Astin up for Hobbit if Hobbit up for him

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Dec 14, 2012, 3:54 PM EST

Sean Astin told SCI FI Wire that he'd be thrilled to reprise his Lord of the Rings film trilogy role as Sam Gamgee in the upcoming big-screen adaptation of The Hobbit. However, because the Rings' beloved quartet of hobbits don't actually appear in The Hobbit, Astin doubts that he'll be asked to appear in the films.

Astin's comments run counter to those of his Rings co-star Dominic Monaghan, who told MTV News in January that he believes that he, Astin, Billy Boyd and Elijah Wood will play some role in the two Hobbit features. The films will be produced by Rings mastermind Peter Jackson and directed by Guillermo del Toro.

SCI FI Wire spoke to Astin today while he was promoting ION Television's upcoming miniseries The Color of Magic. Following are edited excerpts from that exclusive interview, in which he also talked about the 10th anniversary of filming The Lord of the Rings and his other upcoming genre projects.

Dominic Monaghan said he thinks the hobbits will be in The Hobbit even though they're not in the book. What are your thoughts on the possibility?

Astin: I wouldn't personally expect to be back. Peter knows that he just has to tell me when and where to show up and I'll be there. But I don't know. I don't know. I don't what's going on with that. Everyone would say during the releases of the Rings films, "Oh, will The Hobbit ever get made?" There was all this political stuff. The studio had only certain rights, and they wouldn't do it unless they had all the rights, and they weren't ever going to make a deal with the other company that had the other rights, and blah, blah, blah. I always just said, "You people are out of your minds. Of course it's going to be made, and it'll be great and Peter will do it. And there it is." And they're doing it. So I'm excited. I'm excited to see them. But I personally don't expect them to call me.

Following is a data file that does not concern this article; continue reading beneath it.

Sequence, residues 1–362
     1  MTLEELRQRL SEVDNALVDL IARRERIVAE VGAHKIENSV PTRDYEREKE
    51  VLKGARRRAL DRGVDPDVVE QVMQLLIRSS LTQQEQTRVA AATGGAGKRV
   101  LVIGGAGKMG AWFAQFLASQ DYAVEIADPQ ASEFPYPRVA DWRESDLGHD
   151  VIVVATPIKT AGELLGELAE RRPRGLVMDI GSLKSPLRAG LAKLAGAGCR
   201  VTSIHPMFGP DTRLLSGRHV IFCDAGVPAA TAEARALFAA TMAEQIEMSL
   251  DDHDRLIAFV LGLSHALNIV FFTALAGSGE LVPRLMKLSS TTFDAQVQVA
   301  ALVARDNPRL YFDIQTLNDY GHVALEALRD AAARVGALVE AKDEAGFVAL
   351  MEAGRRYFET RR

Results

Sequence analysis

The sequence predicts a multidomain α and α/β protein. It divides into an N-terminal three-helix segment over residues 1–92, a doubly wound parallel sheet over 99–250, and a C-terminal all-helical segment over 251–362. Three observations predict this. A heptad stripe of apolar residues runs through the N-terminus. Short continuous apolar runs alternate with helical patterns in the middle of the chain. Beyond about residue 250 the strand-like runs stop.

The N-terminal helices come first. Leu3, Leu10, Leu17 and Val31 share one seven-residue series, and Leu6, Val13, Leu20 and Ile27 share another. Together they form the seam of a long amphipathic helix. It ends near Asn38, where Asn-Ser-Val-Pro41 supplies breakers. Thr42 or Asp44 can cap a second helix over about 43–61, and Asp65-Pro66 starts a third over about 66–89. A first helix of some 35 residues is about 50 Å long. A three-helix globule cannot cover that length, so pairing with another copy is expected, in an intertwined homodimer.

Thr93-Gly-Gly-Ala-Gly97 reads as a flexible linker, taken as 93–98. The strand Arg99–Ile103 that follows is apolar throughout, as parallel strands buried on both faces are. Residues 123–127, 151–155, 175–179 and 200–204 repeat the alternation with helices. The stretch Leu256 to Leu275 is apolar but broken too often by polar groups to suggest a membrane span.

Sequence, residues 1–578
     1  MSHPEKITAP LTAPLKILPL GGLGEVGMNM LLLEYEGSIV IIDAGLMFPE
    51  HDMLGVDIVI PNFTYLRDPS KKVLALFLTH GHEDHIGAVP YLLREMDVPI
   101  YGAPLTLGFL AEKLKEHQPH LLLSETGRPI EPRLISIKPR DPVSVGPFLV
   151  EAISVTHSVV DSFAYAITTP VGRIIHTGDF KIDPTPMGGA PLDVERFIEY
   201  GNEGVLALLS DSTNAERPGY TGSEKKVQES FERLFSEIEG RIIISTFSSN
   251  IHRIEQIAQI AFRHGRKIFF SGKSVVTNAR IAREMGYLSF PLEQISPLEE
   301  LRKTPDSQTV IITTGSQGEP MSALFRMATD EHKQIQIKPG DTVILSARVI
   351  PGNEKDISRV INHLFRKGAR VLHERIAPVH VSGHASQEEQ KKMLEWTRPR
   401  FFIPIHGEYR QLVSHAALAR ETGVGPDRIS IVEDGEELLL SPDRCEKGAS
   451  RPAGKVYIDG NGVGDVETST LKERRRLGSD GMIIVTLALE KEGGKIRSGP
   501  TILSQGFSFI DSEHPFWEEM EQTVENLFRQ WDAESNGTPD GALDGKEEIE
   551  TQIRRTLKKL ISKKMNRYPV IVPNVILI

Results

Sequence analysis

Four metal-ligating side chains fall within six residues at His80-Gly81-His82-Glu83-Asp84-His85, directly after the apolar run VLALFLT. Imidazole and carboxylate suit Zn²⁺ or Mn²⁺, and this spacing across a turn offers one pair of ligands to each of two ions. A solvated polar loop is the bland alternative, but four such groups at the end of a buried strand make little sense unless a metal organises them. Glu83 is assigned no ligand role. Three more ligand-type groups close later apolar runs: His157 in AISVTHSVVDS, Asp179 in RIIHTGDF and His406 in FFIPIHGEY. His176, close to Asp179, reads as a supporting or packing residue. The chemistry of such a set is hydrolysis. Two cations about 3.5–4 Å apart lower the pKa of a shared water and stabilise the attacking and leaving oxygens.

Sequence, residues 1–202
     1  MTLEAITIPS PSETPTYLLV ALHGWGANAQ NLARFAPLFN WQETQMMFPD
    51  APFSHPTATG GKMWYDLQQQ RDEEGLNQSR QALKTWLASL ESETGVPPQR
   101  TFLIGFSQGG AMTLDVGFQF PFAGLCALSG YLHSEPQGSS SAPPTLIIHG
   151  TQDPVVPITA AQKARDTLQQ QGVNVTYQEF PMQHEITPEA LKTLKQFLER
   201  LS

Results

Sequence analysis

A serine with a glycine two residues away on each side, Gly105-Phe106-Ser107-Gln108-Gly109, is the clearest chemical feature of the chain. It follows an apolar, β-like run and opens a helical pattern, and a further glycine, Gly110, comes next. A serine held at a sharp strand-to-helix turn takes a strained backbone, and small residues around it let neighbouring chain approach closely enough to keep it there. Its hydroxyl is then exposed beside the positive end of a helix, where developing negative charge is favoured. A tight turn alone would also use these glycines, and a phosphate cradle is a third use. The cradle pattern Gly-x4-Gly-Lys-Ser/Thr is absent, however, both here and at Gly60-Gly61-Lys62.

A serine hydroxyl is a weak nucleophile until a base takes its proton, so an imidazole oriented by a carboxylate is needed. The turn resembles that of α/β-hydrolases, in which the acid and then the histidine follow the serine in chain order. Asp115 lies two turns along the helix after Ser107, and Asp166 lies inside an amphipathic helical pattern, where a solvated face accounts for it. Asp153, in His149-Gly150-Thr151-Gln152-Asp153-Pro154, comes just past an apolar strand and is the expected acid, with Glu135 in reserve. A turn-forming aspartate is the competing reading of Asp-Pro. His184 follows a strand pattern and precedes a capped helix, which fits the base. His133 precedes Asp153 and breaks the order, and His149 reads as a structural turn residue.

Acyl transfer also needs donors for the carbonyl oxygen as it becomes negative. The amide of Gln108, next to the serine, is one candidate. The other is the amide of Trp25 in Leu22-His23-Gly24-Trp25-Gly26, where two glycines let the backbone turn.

How hard is it to believe that it's nearly 10 years since you started principal photography on Fellowship?

Astin: Not yet.

The first film was released in December 2001, and you started shooting in 1999 ...

Astin: Oct. 10, 1999. I got you on a technicality, but mostly because when you said it my heart went into my throat, like, "Oh my God, really?"

You and your wife are currently adapting the youth novel Number the Stars into a script that you'll produce and direct together, but you also have a couple of genre projects to talk about. You're the voice of Oso, a stuffed panda spy-in-training, in Special Agent Oso, a Disney Playhouse series premiering on April 4. And then there's the animated film Spirit of the Forest.

Astin: [Special Agent Oso] is programming designed for little kids, little-little kids, 2 and 3 years old. It pays homage to James Bond movies. They take a Bond title and switch it around to a little kid's name. Oso is a panda bear, maybe 16-18 inches tall. He's bumbling, but he's a total adventure guy and he's got all the gadgets. He's got this thing on his vest and it talks to him and tells him what to do. He's got a submarine and a spaceship. He's trying to become a full-fledged special agent, and [each episode] he gets deployed to help some kids learn an everyday task, how to do a puzzle, make your bed, bake a cake, go to the library. He messes up the steps and the kids help him figure it out, and he helps them figure it out. Anyway, I'm really proud of it, and I spent more time on it than Lord of the Rings and Color of Magic and every other movie I've done combined. I've just worked forever on this little animated TV series.

And what is Spirit of the Forest? If the IMDB is correct, the voice cast includes you, Anjelica Huston, Ron Perlman and Giovanni Ribisi.

Astin: I don't know if that's just come out or just about to come out. For every good lefty liberal like me it's fun to have an environmental animated film come out. It's for little kids as well, and it was done in Spain. It's an original Spanish [production], and then they came over and hired recognizable American actors to re-voice the Spanish ones so that they could release it more broadly in America and in the English-speaking world.